As I’ve become more confident in myself as a writer, I’ve also become more confident as a jiu jitsu practitioner, and I think those are related. I write stories influenced by my little corner of Southern California, and I used to worry about whether those stories were worth telling. In jiu jitsu, I used to care about impressing others before impressing myself, and measuring my worth by comparing myself to others. As I’ve grown into myself, I’ve realized that the things we are passionate about should also bring us joy (duh). Writing about my hometown makes me happy. Jiu jitsu makes me happy. The only person I need to impress is myself, really, because I can’t control what other people will feel. I can only bring myself fully to my pursuits, whether they’re on the page or on the mats.

Rebecca Paredes


Spending time outside and getting in a few good writing hours often go hand-in-hand when it comes to my creative process. Deliberately setting aside occasional early mornings for a short hike somewhere is almost as important as carving out writing and reading time for me, especially during the winter when it’s so easy to not leave the apartment (and, okay, sometimes I consider walking to a bar or coffee shop a “hike”). Obviously reading, mostly fiction, is a part of that process, too. Lately I’ve been writing in an ecologically-informed fabulist space, so my reading sometimes includes approachable science/environmental books for research and personal interest.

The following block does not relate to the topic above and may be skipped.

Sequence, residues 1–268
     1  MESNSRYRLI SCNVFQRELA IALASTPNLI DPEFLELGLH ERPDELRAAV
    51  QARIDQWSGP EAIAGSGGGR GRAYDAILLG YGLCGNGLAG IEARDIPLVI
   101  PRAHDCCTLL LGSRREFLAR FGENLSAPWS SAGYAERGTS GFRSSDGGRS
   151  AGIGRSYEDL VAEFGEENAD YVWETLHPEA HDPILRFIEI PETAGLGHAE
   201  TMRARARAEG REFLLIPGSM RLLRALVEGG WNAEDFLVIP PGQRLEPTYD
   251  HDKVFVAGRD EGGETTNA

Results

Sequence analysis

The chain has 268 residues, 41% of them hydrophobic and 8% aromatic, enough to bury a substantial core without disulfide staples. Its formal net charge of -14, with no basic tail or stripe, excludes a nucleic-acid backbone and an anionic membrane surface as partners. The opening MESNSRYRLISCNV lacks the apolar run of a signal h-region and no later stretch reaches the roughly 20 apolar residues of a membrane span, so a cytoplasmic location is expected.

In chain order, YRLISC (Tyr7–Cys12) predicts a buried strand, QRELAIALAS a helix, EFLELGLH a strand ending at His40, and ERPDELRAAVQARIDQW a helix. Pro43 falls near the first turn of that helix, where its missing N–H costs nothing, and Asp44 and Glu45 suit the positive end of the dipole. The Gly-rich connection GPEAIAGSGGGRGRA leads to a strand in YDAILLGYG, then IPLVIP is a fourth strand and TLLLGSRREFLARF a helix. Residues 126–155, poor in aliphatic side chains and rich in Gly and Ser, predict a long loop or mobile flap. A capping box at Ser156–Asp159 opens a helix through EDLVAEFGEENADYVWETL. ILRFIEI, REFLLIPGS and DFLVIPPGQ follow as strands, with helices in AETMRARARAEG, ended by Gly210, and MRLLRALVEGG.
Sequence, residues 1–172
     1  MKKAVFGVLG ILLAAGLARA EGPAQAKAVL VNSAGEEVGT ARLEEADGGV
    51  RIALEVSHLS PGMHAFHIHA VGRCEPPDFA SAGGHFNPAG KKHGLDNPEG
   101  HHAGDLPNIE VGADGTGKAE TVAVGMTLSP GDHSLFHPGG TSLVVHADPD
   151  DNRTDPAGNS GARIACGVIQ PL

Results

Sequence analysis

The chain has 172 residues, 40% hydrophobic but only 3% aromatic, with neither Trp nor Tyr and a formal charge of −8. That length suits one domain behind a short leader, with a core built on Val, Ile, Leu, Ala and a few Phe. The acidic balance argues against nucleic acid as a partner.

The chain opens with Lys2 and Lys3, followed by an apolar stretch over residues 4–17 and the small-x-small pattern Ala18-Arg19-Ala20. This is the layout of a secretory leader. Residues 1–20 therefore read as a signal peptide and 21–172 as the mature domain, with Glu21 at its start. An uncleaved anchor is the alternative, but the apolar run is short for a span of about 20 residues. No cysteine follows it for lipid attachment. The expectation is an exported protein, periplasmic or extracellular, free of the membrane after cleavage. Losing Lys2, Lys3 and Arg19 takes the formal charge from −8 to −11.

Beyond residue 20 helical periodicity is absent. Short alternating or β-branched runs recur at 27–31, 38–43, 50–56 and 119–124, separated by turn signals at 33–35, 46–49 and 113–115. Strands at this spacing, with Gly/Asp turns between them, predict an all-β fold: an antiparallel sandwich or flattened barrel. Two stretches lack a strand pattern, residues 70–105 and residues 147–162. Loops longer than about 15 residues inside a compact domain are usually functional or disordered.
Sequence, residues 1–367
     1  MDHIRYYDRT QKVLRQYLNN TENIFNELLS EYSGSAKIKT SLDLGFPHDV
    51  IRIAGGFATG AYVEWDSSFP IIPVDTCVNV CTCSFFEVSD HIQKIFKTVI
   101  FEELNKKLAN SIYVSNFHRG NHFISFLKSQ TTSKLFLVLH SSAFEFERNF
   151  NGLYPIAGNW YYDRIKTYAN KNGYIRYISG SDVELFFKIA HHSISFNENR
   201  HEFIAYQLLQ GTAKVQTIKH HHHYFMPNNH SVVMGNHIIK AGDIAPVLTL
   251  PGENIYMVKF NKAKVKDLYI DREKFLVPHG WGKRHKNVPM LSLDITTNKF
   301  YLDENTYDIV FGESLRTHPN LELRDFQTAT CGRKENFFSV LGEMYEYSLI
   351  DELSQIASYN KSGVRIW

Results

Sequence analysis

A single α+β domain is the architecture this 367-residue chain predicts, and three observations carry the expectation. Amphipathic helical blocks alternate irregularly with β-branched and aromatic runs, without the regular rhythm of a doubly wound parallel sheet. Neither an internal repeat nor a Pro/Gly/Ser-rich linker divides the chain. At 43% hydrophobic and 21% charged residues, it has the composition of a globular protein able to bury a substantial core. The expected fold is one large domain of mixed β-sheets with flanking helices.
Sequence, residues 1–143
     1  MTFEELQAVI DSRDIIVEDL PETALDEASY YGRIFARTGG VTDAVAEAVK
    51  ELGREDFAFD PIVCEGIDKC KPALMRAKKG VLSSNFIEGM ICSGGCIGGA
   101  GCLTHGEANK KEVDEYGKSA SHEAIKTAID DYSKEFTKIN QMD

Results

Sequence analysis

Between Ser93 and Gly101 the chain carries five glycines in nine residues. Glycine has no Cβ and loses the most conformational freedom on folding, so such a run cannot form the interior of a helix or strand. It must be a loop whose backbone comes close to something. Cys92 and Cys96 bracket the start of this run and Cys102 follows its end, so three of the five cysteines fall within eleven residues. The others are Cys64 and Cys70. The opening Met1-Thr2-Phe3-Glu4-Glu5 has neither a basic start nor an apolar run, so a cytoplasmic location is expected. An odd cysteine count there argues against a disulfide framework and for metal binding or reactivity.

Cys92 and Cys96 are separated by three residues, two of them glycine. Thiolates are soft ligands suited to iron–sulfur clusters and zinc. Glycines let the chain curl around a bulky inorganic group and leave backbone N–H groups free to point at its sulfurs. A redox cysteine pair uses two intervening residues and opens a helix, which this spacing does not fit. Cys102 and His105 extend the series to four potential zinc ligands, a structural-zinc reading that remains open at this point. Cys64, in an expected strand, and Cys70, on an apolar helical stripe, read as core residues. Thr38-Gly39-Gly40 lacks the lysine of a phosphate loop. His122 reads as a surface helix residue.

Living in New England, I’m lucky to have beaches close by, the White Mountains a short road trip away, and countless conservation areas and parks with trails and camping spots. My day job sometimes lets me cover local initiatives uplifting the natural world, so it’s been satisfying to make connections with others passionate about the environment and learn how to photograph and ID plants, fungi, and birds I encounter, while letting myself be a total novice who only has room to grow. I don’t necessarily go out into the woods to wait for a magical writer’s block breakthrough, but more so to stop overthinking about writing and put all my concentration toward something else, like parsing the difference between species of ferns or trying to identify a bird by its call—undertakings that have straight-forward (if often elusive to me) answers. It can be oddly rewarding to scrutinize over solving a puzzle that bears no weight over anything in my immediate creative or professional life.

Last summer and fall, traveling and camping around the Maritimes and a few overnight stays on islands played a hugely influential role in devising the setting of a novel project in the works. It’s impossible not to be thinking about the creepy, uncanny, and beautiful ways real natural phenomena can inform magical realism world building and plot arcs.

Abbie Lahmers


Curated by Jen Dupree


At The Masters Review, our mission is to support emerging writers. We only accept submissions from writers who can benefit from a larger platform: typically, writers without published novels or story collections or with low circulation. We publish fiction and nonfiction online year round and put out an annual anthology of the ten best emerging writers in the country, judged by an expert in the field. We publish craft essays, interviews and book reviews and hold workshops that connect emerging and established writers.